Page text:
Aug 1, 2009

Excerpt of FDA Activity Report to US Congress

Critical Path:  Biomarker Development for Evaluation of Device Interventions After Heart Failure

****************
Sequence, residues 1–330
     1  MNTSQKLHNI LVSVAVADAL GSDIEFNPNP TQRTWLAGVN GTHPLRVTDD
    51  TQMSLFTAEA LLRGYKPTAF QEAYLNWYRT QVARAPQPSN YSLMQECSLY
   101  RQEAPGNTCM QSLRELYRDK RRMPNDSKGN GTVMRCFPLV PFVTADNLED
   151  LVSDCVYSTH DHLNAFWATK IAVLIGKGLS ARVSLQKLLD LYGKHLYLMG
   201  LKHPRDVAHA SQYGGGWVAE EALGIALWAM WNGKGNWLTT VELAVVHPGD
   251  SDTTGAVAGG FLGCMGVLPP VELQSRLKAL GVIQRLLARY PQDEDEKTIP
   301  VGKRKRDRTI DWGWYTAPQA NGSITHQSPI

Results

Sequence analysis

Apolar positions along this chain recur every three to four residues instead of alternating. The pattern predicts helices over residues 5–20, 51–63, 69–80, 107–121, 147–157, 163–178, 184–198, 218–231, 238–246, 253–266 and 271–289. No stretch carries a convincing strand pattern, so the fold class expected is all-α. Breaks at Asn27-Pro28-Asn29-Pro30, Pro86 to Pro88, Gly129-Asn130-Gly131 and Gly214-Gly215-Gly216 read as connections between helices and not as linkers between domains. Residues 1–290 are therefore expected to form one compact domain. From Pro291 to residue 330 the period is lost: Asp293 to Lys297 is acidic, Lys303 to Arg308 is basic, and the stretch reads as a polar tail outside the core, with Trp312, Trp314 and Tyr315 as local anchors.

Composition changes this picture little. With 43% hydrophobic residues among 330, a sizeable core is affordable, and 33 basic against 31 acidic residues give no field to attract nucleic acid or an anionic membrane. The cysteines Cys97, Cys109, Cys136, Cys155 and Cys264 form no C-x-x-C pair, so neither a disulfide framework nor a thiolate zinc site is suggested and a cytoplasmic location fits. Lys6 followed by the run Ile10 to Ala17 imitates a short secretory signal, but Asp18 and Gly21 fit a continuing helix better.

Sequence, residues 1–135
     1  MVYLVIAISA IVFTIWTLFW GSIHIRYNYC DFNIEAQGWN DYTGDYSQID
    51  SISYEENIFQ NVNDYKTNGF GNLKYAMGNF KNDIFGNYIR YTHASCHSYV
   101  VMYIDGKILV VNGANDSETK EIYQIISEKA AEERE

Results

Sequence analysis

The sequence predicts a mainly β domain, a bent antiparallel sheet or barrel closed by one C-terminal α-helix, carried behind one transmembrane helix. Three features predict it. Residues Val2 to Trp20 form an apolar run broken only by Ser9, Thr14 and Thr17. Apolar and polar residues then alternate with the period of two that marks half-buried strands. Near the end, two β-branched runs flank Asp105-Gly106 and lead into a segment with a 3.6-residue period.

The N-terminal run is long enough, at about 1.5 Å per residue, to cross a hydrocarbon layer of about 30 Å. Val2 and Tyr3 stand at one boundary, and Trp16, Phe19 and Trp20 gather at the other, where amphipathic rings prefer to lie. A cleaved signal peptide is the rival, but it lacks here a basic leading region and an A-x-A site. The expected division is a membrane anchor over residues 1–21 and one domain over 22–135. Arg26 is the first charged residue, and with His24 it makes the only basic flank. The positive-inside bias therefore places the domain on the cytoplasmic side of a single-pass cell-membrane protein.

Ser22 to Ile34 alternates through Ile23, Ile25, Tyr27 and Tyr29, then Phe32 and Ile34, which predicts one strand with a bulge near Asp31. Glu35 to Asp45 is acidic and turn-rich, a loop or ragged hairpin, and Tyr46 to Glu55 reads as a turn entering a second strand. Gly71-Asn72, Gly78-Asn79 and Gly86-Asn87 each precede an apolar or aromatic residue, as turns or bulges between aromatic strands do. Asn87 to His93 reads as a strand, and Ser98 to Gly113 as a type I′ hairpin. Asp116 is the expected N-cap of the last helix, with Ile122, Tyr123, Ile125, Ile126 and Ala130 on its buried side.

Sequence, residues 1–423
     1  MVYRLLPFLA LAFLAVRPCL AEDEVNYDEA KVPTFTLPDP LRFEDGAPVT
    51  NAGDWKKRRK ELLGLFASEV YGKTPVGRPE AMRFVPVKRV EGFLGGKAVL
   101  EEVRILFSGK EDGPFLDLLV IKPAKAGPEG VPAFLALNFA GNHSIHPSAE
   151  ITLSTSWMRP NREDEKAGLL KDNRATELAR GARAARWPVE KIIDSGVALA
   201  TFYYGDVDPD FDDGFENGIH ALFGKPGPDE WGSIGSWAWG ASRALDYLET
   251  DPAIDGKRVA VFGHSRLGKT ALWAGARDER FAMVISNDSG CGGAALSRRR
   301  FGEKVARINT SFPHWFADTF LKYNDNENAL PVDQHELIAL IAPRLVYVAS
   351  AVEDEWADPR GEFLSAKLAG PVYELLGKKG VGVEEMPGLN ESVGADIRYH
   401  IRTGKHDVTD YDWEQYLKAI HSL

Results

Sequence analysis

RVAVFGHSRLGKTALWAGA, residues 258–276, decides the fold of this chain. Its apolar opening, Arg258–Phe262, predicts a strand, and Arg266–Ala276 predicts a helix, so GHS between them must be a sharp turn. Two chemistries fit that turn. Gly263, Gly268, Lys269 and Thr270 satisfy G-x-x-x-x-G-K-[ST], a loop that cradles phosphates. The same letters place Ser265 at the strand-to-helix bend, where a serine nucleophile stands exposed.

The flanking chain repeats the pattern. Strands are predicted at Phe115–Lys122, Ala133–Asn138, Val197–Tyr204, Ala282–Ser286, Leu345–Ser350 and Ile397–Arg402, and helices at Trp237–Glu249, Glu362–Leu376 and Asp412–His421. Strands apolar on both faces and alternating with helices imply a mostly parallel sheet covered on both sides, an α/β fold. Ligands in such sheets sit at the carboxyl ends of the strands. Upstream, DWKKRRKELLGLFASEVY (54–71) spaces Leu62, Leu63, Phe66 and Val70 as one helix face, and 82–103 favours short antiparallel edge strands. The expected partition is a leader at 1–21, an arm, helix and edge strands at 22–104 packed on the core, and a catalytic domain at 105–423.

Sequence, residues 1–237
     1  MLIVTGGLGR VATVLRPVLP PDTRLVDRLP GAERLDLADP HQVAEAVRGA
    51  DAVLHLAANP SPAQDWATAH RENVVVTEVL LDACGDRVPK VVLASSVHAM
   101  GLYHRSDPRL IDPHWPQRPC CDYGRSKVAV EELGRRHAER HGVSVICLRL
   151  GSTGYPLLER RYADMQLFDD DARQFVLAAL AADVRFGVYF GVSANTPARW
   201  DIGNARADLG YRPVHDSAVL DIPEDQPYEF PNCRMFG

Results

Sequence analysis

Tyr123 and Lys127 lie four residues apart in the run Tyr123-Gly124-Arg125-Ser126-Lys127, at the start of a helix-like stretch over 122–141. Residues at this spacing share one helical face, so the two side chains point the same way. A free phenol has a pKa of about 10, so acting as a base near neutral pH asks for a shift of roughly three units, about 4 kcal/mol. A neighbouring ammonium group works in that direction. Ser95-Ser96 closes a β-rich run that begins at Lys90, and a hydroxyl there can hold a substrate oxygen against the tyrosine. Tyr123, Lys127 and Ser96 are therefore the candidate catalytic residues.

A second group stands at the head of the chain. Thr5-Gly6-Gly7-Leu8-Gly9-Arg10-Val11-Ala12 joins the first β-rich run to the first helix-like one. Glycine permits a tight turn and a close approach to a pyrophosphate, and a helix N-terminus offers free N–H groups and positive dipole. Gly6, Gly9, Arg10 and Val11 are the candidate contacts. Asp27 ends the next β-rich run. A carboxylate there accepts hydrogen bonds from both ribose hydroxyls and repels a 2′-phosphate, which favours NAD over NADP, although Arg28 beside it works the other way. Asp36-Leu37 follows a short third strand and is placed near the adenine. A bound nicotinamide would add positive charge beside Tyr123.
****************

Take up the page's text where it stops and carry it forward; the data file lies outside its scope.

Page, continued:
Heart failure (HF) is estimated to cost $37.2 billion in 2009. It is the one form of heart disease on the rise in the U.S. with a 171% increase between 1979 and 2006. Between 1993 and 2003 there was a 20% increase in deaths due to heart failure, even as the overall death rate declined by 2%. The project is developing an evaluation tool to assess HF recovery in clinical trials. The marker being developed takes advantage of the magneto-hydrodynamic (MHD) signal that is seen on the electrocardiogram (ECG) when a patient is in a MRI magnet. The components of the signal relate to blood flow magnitude, direction and location. The information contained in this signal will supplement present-day non-invasive blood flow measurements, such as ultrasound, for the assessment of heart failure. During the first year of the study, FDA collaborated with IT’IS Foundation to develop a MHD solver. The MHD solver calculates the surface signals on anatomical models in a static magnetic field caused by the blood flow in the thorax. This model predicts the MHD signal (specific to blood flow) at any location on the body. These signals are being experimentally measured and verified using ECG leads. Manipulations of blood-flow parameters are determining the limits of resolution and solutions for different flow rates, velocities, and anatomical locations and the minimum static magnetic field required for a useful MHD signal. We have shown the necessity of a MRI magnet to detect MHD signals. Four of the six milestones (related to MHD simulation) have been met, and the completion date is set in 2010. The deliverables include a computational MHD simulation model (completed), MHD signal analysis to provide refinement of sensitivity and specificity of each signal component due to blood flow variation (completed), and an optimized 12-lead MHD signal detection method (underway). The project's findings shall be applied to improve outcome measures for clinical trials related to heart failure treatments.


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